I've now seen "Zero Dark Thirty". Before getting to that: the controversy triggered this week by my commentary on the debate over that film was one of the most ridiculous in which I've ever been involved. It was astounding to watch critics of what I wrote just pretend that I had simply invented or "guessed at" the only point of the film I discussed - that it falsely depicted torture as valuable in finding bin Laden - all while concealing from their readers the ample factual bases I cited: namely, the fact that countless writers, almost unanimously, categorically stated that the film showed exactly this (see here for a partial list of reviewers and commentators who made this factual statement definitively about the film - that it depicts torture as valuable in finding bin Laden - both before and after my column).

Robocalls Poll Evidence Deeply Flawed, Tory Lawyer Says

OTTAWA - A key piece of evidence in the robocalls legal saga is deeply flawed and should be tossed out, says a lawyer representing Conservative MPs whose election wins last year are being challenged in court.

An Ekos Research survey that suggests voter-suppression tactics were widespread in the last election cannot be trusted, lawyer Ted Frankel said Friday.

Highway 2 Blockade Alberta: Driftpile Cree Nation Plan Peaceful Protest On Dec. 15

In the wake of a massive Canada-wide aboriginal day of action, one band is now planning to block a major highway in Alberta.

The Driftpile Cree Nation will be holding a peaceful blockade of Highway 2 in Driftpile, Alta. Saturday to protest the passing of the omnibus budget bill, C-45.

Do the math: Day 3 of robocalls in court

With the first wave of powerful evidence of a widespread and targeted campaign of voter suppression put before the Federal Court on Tuesday, on Day 3 hard numbers were presented to support it.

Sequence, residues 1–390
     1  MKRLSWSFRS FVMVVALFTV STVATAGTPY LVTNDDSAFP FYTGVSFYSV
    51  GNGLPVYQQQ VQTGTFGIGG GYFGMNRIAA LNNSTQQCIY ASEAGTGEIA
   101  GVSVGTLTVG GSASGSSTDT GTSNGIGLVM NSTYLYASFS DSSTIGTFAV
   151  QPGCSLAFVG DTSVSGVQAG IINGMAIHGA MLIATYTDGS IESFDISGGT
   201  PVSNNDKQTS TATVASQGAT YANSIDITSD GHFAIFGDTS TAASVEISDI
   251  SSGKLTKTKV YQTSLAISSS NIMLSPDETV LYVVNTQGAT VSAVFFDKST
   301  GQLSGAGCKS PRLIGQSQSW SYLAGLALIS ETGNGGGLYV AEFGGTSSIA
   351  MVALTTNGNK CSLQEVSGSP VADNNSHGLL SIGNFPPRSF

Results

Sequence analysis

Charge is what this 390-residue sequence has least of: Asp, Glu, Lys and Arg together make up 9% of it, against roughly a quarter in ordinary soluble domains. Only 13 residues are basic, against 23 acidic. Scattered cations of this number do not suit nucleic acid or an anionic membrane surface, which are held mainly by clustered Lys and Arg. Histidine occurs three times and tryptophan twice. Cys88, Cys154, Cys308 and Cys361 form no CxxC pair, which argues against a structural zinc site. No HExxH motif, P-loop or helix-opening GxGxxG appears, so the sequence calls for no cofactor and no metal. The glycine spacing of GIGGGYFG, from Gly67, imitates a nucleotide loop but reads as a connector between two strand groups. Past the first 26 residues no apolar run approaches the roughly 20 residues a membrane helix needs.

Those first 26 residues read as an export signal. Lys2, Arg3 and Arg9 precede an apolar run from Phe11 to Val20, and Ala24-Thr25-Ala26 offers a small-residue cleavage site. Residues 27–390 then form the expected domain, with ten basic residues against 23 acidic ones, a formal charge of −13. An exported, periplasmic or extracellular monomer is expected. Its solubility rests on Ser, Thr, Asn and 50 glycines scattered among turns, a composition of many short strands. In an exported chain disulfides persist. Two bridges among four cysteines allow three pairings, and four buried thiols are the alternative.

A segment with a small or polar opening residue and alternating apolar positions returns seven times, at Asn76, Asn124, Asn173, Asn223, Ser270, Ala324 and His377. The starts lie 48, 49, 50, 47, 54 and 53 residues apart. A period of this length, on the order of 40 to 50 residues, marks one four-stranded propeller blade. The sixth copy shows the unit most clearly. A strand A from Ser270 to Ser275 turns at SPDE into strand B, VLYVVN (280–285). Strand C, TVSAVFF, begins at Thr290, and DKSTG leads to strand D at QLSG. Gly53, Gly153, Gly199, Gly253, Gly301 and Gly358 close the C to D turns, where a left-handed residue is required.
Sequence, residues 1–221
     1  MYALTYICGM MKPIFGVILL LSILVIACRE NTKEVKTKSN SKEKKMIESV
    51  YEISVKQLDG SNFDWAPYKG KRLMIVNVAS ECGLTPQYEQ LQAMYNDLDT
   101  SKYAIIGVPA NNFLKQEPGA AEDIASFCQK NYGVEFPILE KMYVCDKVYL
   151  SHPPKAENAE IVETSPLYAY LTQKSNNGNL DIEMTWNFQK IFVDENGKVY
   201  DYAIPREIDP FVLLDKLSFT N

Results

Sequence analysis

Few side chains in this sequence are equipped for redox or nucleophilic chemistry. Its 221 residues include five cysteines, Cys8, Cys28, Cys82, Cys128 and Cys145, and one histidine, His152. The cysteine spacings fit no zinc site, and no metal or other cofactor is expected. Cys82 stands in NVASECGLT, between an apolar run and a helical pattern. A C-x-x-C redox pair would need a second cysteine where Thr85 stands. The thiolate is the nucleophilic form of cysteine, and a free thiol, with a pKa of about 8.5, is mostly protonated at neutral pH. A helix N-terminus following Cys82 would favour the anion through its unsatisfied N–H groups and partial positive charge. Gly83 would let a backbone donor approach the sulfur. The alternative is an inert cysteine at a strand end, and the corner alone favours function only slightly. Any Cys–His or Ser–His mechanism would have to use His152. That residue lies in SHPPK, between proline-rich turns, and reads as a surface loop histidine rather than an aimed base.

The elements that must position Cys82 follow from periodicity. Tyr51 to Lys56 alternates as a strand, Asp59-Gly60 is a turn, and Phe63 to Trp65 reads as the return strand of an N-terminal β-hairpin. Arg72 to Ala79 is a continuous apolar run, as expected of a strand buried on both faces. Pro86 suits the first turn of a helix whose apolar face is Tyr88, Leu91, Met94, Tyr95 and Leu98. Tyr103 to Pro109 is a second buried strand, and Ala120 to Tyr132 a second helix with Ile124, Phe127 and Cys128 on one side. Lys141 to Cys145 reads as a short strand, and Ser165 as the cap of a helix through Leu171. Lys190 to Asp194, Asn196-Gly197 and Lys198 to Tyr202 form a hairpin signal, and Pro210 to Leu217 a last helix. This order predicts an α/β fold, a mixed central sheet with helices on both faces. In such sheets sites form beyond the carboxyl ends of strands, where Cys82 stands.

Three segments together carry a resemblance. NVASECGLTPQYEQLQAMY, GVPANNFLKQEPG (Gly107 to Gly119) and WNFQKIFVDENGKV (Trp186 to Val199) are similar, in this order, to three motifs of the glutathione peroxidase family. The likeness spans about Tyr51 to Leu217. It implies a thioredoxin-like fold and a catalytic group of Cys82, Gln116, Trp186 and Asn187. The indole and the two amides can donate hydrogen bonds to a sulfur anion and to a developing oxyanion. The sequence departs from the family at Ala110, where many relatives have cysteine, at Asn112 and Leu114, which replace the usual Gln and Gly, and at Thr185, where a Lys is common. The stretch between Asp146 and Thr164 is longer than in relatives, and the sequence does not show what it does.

Steven Shrybman, lawyer for the applicants, led the court through the findings of a poll commissioned by the eight applicants and conducted by EKOS Research to survey the scope and impact of the fraudulent calls in the six federal ridings involved in these legal cases.

Sixteen US Mass Shootings Happened in 2012, Leaving at Least 88 Dead

Today’s nearly indescribable tragedy in Newtown, Connecticut, where twenty-seven people, including eighteen children, were shot to death inside an elementary school, is at least the sixteenth mass shooting to take place in America this year. The death toll is now at eighty-four.

Here is a list of every fatal mass shooting that’s taken place since January 1—defined as multi-victim shootings where those killed were chosen indiscriminately. The tragedies took place at perfectly random places—at churches, movie theatres, soccer tournaments, spas, courthouses and, now, an elementary school. But given the frequency of these awful events, perhaps in the long view their occurrence isn’t so random after all—it’s predictable.

A Land Without Guns: How Japan Has Virtually Eliminated Shooting Deaths

I've heard it said that, if you take a walk around Waikiki, it's only a matter of time until someone hands you a flyer of scantily clad women clutching handguns, overlaid with English and maybe Japanese text advertising one of the many local shooting ranges. The city's largest, the Royal Hawaiian Shooting Club, advertises instructors fluent in Japanese, which is also the default language of its website. For years, this peculiar Hawaiian industry has explicitly targeted Japanese tourists, drawing them away from beaches and resorts into shopping malls, to do things that are forbidden in their own country.

Ontario Tories' 'Right-To-Work' Plan Would Make Province 'The Next Alabama'

TORONTO - The Progressive Conservatives' call to make Ontario a so-called "right-to-work" province is "misguided" and would mean lower salaries and a weaker economy, the Liberals and New Democrats warned Friday.

"It just doesn’t reflect Canadian values," Labour Minister Linda Jeffrey said in an interview.

"I believe it would mean lower wages and reduced buying power, and would have a very serious effect on the economy."